A selection manipulation refers to manipulating a display screen feature by navigating a display screen to present additional or alternative content based on a selection of an aspect (e.g., a selectable link) of a content display screen feature. In embodiments, a focus display screen feature or a selector display screen feature is utilized to provide such a selection. A selection may occur upon a device action event on a selectable item, e.g., user contacts a key (e.g., a touch key or hard key) or releases a key to select a selectable item while the selector hovers over the selectable item. In one embodiment, the selection manipulation might be used to simply select a selectable item presented within the display screen, such as text, a hyperlink, an image, a video, a value, or the like. In another embodiment, the selection manipulation might be used to select an item and drag the item. Such a select and drag function may be used, for example, in a desktop setting to drag an application or document to the “trash.”

A rotational manipulation refers to manipulating a display screen feature about an axis or axes (e.g., x-axis, y-axis, and/or z-axis). A device can be configured to detect and utilize device motions to rotate a display screen feature. Rotational manipulation of a display screen feature might be based on, for example, time, direction, degree, acceleration, angular acceleration, velocity, angular velocity, angular momentum, angular displacement, combinations thereof, and the like. In one embodiment, a rotational manipulation of a display screen feature occurs in response to a rotational motion (i.e., rotation of a device about an axis), a directional motion, a gesture motion, or the like.

A translational manipulation refers to manipulating a display screen feature along an axis or axes (e.g., an x-axis, y-axis, and/or z-axis). That is, a display screen feature might be moved laterally, up, down, forward, backward, diagonally, and the like. A device can be configured to detect and utilize motion of a device (e.g., movement along an x-axis and/or a y-axis) to manipulate a display screen feature. Translational manipulation of a display screen feature might be based on direction, distance, time, velocity, acceleration, a combination thereof, or the like, associated with the device motion. For example, a speed of device motion might correspond with a speed at which a display screen feature is translated. In one embodiment, a translational manipulation of a display screen feature occurs in response to a directional motion, rotational motion, a gesture motion, or the like.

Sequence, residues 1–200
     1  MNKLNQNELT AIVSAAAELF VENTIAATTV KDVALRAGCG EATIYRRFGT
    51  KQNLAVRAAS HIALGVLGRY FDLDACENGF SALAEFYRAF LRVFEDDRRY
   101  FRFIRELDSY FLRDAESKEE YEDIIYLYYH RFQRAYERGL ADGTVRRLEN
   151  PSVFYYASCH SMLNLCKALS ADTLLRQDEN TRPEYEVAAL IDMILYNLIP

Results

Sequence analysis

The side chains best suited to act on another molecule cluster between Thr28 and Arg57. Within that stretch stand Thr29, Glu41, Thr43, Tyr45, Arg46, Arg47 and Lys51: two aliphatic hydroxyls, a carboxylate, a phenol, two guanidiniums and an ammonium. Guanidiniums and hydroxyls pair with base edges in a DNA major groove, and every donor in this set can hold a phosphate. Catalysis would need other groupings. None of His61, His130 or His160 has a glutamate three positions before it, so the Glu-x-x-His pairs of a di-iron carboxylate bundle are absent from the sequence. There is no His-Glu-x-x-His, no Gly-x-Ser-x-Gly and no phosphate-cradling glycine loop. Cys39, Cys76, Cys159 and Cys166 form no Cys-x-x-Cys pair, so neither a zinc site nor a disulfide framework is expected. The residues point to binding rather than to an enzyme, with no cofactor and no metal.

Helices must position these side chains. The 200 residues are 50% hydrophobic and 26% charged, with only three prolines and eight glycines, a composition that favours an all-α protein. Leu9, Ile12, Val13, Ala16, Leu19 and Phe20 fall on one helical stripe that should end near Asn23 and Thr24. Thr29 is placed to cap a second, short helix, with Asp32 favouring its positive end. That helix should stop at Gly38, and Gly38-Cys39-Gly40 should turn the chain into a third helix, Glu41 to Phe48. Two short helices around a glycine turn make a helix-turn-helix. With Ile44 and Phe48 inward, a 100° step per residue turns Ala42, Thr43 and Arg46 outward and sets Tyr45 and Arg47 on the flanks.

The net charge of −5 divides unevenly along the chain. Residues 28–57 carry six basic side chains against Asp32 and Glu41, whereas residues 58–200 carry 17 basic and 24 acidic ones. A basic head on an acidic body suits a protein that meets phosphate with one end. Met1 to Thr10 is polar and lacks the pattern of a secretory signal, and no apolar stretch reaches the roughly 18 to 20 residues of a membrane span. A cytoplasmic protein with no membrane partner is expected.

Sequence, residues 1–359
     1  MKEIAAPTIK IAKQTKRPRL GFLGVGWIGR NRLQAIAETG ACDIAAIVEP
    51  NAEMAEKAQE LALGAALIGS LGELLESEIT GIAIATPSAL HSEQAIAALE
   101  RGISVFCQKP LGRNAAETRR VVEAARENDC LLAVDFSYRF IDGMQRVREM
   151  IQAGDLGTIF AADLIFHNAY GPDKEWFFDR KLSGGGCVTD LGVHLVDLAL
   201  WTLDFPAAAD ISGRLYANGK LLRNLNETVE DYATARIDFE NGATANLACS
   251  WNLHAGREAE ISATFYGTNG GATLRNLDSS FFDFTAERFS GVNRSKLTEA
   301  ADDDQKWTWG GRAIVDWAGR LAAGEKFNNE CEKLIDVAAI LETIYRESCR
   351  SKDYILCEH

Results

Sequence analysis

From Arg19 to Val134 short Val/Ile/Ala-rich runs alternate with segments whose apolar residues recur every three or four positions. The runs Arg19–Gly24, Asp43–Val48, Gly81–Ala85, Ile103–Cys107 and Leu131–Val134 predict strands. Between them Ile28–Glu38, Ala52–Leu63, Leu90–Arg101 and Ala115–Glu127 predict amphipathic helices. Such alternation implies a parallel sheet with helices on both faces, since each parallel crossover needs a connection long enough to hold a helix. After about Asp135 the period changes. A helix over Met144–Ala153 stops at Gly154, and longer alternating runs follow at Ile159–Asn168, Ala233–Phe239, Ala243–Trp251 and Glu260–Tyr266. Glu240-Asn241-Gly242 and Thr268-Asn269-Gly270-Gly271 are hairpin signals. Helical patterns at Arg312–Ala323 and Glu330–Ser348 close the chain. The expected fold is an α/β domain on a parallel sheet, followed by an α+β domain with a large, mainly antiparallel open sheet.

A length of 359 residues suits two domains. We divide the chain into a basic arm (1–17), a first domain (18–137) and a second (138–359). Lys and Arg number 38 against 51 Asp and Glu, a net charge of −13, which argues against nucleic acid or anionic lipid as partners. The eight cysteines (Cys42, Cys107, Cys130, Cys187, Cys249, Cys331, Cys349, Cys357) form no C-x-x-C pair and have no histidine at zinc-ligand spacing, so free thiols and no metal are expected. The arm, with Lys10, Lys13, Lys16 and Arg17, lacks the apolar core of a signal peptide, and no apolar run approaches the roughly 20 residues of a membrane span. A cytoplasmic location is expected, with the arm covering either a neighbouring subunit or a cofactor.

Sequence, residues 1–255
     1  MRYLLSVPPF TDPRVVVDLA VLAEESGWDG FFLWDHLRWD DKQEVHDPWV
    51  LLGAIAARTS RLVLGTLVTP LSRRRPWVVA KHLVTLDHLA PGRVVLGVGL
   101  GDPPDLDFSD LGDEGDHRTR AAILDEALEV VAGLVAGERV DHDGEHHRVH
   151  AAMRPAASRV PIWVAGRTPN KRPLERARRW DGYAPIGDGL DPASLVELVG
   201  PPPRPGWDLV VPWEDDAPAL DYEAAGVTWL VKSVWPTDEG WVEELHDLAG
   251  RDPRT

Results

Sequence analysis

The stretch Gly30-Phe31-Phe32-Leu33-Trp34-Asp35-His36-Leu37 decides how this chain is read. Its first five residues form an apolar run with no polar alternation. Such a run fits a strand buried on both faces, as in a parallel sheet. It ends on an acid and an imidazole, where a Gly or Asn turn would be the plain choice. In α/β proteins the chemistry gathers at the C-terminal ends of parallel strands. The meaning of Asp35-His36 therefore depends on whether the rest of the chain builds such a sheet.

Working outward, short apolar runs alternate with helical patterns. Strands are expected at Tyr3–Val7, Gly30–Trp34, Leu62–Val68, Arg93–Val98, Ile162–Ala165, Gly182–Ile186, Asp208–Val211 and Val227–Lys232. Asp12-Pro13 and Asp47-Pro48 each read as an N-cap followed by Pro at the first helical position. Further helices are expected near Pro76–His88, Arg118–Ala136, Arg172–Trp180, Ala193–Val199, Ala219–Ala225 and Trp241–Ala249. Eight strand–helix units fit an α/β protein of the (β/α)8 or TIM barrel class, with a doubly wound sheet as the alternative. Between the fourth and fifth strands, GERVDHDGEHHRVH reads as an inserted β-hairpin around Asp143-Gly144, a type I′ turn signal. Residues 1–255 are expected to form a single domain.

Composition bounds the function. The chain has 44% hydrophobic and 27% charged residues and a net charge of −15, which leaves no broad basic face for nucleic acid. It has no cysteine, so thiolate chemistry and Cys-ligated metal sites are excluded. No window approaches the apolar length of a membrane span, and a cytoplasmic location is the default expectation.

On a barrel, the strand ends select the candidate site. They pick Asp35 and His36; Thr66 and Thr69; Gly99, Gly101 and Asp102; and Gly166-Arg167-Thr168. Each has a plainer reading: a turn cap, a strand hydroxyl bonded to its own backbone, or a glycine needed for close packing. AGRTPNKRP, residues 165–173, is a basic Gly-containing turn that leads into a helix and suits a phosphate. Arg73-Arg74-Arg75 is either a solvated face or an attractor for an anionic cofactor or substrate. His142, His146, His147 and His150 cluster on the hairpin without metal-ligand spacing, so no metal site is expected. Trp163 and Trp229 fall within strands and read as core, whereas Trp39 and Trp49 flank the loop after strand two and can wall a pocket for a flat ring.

A zoom manipulation refers to manipulating a display screen feature along an axis (e.g., a z-axis) such that a zoom effect results. That is, a zoom effect, such as a zoom in (i.e., enlarge) or a zoom out (i.e., shrink), applies to a display screen feature. A device can be configured to detect and utilize motions (e.g., movement of a device along an axis, such as a z-axis) to manipulate a display screen feature. Zoom manipulations of a display screen feature might be based on, for example, a direction, a distance, a time, a velocity, an acceleration, a combination thereof, or the like, associated with a device motion. For example, speed of a device motion might correspond with a speed at which a display screen feature is enlarged. In one embodiment, a zoom manipulation occurs in response to a directional motion, a rotational motion, a gesture motion, or the like.

One skilled in the art will appreciate that a device can be configured so that any device motion(s) can result in such rotational, translational, selection, and zoom manipulations. For example, in some embodiments, a display screen feature can be rotated, translated, or zoomed in or out based on a gesture device motion. A gesture may comprise, for example, a brisk movement in a specific direction, a device shake, a movement in a specific pattern, and a combination thereof. For instance, upon recognizing a flick of a device, a display screen feature may be manipulated, such as, for example, by rotating or translating the display screen feature. By way of further example, a detected rotation device motion can result in a directional manipulation. With reference to FIG. 8A, assume a user views a content display screen feature 800 comprising a vertical list. A focus display screen feature 802 is focused on the first item 804 within the content display screen feature 800. Assume the top portion of the device 806 is tilted away from the user, as shown in FIG. 8B. In such a case, as shown in FIG. 8C, the focus display screen feature 802 is manipulated such that the focus display screen feature 802 is focused on the fifth item 808 within the content display screen feature 800. Assume further that the top portion of the device 806 is rotated towards the user, as shown in FIG. 8D. In such a case, as shown in FIG. 8E, the focus display screen feature 802 is manipulated such that the focus display screen feature 802 is focused on the third item 810 within the content display screen feature 800.

Any number of manipulations can be applied to a display screen feature based on one or more device motions. For example, a user may move the device to the left (e.g., along the x-axis), which in turn manipulates the display screen feature. Thereafter or concurrently, the user may rotate the device about the x-axis to manipulate the display screen feature accordingly. Further, such manipulations can be utilized with respect to two-dimensional or three-dimensional content.